High time that more banks paid for their mistakes

I Once had a job where I was fined for turning up late in the mornings. Elsewhere in the less-than-perfect financial world the Co-operative Bank automatically pays pounds 10 compensation to current account holders if, for example, it should make any mistake on statements or direct debits. I was cured of my lateness (until I left the job), and I bet the Co-op is working overtime to reduce the 600 times a month it is paying out.

But overall mistakes by banks have increased again after a previous improvement, according to the Consumers' Association (see page 22). Even if the banks are putting things right quicker, this is still a serious indictment of organisations that never seem to tire of telling us how they are improving customer service.

If the banks want us to believe they are turning the corner, automatic compensation payments should be the norm, not unusual. Midland, for example, also offers pounds 10 payouts if it screws up, but only when accounts are first opened or transferred.

I look forward to hearing of more moves for existing customers.

THE stock market hit a record high this week. Expect headlines warning of an impending crash and, in less respectable quarters, talk of how you really must pile in now to avoid missing out on such wonderful gains.

But whether you are presently in or out, the best advice is probably pretty much the same - sit tight where you are.

Yes, there might be a stockmarket crash or - in the quaint jargon suspiciously adopted by the City sometimes - a correction. But the downside for the stock market as a whole is probably little more than 10 per cent. Set against the gains accumulated by many who are already in, this might not appear too disastrous. And five years on it may not seem too important when you are up, say, another 40 per cent or so.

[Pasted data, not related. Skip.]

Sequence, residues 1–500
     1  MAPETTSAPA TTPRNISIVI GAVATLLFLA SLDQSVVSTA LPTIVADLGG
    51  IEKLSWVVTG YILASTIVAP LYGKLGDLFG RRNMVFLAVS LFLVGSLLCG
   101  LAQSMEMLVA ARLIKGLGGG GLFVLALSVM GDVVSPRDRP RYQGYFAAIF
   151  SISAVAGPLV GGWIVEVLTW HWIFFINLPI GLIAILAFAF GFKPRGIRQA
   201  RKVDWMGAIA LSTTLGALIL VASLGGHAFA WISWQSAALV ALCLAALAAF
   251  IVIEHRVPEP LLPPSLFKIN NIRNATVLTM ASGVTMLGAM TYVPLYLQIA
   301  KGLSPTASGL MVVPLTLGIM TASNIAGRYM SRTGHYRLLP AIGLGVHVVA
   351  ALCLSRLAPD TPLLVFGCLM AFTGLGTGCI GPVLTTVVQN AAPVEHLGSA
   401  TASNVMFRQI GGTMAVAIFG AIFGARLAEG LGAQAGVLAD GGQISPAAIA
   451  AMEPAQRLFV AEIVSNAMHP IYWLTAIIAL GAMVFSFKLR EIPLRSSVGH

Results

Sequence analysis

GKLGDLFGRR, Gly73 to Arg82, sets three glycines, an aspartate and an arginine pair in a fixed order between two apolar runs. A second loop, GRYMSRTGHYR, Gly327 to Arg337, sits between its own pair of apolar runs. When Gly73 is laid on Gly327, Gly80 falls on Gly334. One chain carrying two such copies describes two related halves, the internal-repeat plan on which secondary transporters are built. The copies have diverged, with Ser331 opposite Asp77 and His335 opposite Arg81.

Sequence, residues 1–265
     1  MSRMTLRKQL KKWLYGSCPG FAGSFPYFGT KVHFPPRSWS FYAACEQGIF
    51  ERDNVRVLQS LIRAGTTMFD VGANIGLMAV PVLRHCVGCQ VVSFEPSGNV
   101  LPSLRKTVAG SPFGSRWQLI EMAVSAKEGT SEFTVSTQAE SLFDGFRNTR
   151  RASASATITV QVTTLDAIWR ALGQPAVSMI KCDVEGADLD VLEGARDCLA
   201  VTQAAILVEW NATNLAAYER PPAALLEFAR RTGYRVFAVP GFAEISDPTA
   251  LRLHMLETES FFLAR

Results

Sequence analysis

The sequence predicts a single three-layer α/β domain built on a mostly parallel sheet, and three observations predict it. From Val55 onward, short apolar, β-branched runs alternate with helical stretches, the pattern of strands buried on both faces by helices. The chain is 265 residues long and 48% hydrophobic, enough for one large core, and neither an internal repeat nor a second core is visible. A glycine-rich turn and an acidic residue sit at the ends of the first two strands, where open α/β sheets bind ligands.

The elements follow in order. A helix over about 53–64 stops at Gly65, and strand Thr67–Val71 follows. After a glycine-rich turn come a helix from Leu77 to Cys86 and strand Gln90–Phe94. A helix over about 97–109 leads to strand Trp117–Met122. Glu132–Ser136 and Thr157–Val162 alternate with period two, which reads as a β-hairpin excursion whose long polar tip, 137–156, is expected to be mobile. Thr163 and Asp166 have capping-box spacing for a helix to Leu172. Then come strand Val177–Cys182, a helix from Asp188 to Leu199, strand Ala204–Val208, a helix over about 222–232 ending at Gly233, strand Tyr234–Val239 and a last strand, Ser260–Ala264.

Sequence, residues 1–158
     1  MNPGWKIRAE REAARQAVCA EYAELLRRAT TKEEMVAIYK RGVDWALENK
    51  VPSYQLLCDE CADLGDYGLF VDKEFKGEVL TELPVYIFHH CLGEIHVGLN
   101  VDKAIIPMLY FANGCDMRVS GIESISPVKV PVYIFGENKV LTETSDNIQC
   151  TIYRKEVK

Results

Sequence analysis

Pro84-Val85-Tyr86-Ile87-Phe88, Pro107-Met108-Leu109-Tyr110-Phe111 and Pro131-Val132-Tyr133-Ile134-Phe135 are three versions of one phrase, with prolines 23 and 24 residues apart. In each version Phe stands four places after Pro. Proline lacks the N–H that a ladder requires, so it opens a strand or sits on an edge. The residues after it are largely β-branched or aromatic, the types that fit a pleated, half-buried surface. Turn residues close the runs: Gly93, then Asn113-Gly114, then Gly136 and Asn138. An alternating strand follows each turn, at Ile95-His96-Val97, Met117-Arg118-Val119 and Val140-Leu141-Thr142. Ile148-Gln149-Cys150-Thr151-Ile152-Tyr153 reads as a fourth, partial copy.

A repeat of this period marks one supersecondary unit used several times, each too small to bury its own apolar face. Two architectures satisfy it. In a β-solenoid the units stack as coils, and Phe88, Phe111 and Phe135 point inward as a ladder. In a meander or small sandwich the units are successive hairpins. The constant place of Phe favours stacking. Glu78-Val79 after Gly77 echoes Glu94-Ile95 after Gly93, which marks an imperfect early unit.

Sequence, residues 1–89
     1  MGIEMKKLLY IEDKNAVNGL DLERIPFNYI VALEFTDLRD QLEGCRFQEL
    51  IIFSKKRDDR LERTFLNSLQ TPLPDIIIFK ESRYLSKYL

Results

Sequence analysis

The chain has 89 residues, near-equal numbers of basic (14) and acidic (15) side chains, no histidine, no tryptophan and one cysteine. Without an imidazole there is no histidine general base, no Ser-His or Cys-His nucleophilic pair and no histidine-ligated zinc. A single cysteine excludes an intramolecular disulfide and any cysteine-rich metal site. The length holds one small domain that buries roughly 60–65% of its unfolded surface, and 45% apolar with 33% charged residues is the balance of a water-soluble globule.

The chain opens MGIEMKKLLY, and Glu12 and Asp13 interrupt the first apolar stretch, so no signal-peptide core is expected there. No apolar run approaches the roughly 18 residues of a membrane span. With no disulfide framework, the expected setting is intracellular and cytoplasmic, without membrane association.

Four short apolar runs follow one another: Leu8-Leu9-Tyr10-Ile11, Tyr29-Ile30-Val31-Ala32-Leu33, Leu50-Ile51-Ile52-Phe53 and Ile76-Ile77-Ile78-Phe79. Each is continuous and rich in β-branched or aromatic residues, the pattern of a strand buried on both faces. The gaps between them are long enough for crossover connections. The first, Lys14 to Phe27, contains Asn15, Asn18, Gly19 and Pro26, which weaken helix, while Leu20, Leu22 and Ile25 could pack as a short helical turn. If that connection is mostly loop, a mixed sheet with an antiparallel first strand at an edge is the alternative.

Underlying

this advice to not panic are the costs and troubles of trying to second- guess the stock market. Yes, if you wanted your money out to spend, run for the door. But if you're in the market because in the long run you think it's the best home for your savings - and by and large it probably is - then don't be in such a hurry. It could easily cost 5 per cent of the value of your investment to sell up and then reinvest at a later date.

Equally, however, if your life's savings are in the building society now is not the right time to be throwing everything into the stock market when it is so perilously high. Either drip feed a regular monthly amount into the market - many PEPs and unit trusts have this facility - or wait awhile.

Your Money has 10 free copies to give away of Which? Way to Beat the System, a new book from the Consumers' Association. The book is aimed at steering people through the bureaucracies that govern our lives, including the financial system. The book costs pounds 9.99 from bookshops. But it's free to the 10 most interesting notes from readers telling me how they've beaten the financial system. Write as succinctly as possible to: Beating the System, Steve Lodge, Personal Financial Editor, Independent on Sunday, One Canada Square, Canary Wharf, London E14 5DL.

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